mited number of people are allowed per screen. We are looking into what’s possible at the moment.
‘We don’t know what the AID will be like yet, and there won’t be any big parties at the clubhouse. The question is how we can give new first-years a real impression of the society under the restrictions that there will be then. There is enough time to adjust to that, so I’m not worried about recruitment. And new first-years aren’t having any post-exam trips or fabulous summer holidays, so maybe they will be extra-eager to look for adventure in a student society. The introduction period is another issue. If all the measures still apply then, should we run it at all? That period is primarily for new members to get to know each other and the society. There are other ways of doing that.
‘Personally, I’ve got more of a grip on my own life since the coronavirus measures came into effect. I used to be at the clubhouse 24/7, and now suddenly I’m a proper housemate as well. I eat and exercise with my housemates and have nights off. The first week without parties was really chill: suddenly I had a good sleep routine. But from the second week I was already missing it.’
Bas Verkerk, vice chair of SSR-W
‘On Saturday 14 March, we were going to hold the best-attended SSR-W ball ever. To say we were looking forward to it is putting it mildly. Then came the press conference on Thursday 12 March and the country closed down. We had to cancel at the very last minute. Really tough, but on the board we flicked a switch and set to work. Meetings had to be on Zoom, the beer tanks had to be closed and the pipes rinsed.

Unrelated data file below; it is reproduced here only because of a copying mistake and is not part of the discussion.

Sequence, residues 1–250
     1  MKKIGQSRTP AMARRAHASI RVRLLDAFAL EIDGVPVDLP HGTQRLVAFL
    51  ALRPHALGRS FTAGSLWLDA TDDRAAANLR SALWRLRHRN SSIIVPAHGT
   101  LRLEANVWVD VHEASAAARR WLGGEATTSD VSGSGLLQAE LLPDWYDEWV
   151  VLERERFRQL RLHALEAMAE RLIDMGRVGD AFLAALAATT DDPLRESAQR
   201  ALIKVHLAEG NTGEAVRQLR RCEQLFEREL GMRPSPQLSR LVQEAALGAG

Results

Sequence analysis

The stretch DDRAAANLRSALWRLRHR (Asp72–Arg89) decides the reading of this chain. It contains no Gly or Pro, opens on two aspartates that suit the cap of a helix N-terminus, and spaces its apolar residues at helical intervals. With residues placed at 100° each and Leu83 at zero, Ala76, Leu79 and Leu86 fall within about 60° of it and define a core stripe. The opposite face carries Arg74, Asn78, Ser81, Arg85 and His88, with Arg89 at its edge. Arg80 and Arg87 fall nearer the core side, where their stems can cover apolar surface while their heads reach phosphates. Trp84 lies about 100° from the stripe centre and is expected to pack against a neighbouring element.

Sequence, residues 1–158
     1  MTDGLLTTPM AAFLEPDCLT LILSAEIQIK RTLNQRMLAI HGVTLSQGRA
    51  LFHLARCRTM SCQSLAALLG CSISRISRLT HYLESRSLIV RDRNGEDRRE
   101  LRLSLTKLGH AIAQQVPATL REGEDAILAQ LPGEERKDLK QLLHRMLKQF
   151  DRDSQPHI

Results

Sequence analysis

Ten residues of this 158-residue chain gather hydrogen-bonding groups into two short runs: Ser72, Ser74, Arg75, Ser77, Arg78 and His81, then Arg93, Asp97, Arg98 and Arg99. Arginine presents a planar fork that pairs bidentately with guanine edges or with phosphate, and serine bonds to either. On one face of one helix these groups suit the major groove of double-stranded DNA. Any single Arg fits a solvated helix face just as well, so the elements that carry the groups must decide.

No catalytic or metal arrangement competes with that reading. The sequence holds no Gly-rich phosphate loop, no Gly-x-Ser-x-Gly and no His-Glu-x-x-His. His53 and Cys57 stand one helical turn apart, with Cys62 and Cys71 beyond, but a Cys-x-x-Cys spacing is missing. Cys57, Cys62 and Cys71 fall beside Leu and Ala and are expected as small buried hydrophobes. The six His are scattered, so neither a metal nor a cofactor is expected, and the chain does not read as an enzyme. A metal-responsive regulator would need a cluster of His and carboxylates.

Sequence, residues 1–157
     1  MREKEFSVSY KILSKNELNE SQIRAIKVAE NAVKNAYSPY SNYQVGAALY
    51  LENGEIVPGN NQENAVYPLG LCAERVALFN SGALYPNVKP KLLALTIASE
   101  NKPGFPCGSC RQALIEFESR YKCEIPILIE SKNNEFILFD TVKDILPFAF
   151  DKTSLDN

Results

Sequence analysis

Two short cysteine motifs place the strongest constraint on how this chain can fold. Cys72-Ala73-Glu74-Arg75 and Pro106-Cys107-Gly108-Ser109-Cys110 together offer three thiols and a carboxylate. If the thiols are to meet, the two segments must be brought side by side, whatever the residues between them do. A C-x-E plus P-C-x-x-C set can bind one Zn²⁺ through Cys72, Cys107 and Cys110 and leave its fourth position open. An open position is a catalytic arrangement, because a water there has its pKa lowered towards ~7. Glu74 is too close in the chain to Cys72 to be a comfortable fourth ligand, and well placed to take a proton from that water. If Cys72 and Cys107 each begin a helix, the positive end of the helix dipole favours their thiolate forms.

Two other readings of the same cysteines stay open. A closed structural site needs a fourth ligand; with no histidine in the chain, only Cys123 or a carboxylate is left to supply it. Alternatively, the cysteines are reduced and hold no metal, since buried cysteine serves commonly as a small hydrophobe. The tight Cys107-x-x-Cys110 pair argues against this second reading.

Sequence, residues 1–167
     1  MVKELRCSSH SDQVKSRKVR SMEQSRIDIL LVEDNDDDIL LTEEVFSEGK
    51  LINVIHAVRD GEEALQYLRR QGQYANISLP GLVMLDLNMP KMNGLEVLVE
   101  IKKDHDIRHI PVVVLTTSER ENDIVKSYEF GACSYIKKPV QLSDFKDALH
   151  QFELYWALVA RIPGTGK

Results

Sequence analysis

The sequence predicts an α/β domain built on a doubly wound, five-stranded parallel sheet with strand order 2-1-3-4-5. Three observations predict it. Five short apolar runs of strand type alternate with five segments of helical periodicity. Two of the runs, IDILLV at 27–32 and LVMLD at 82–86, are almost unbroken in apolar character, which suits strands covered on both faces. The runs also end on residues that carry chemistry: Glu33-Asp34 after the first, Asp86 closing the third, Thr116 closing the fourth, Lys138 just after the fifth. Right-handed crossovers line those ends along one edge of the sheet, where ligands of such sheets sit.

‘To keep our members involved, we launched an online platform with online Friday afternoon drinks. One of our members puts together a nice playlist and everyone can share photos in the livestream of how they are enjoying their Friday drink. We did a special beers quiz and one week we made a radio programme in which members could phone in, shoot the breeze and relate anecdotes, just to keep in touch and keep the crazy stories alive. There is a real need for that.
‘There is not much clarity about to what extent student societies are included in the lifting of measures, because we are not a typical café, but nor are we a standard canteen. At SSR-W we have a huge garden with a bar. It would be nice if that were counted as a café terrace. Cinemas are allowed to have 30 visitors per screen from 1 June. We’ve got several large rooms at the clubhouse, so is that the rule for us too? We will sort this out in consultation with the municipality. We hope to open the doors of our ‘one-and-a-half-metre clubhouse’ as soon as possible.
‘At the moment we are busy making preparations: demarcating routes, seeing where to put the entrance and the exit, whether our furniture is suitable and how to arrange it. We are also working on a safety protocol that has to be approved by the municipality. No more parties for now, but we try to focus mainly on what we can do.’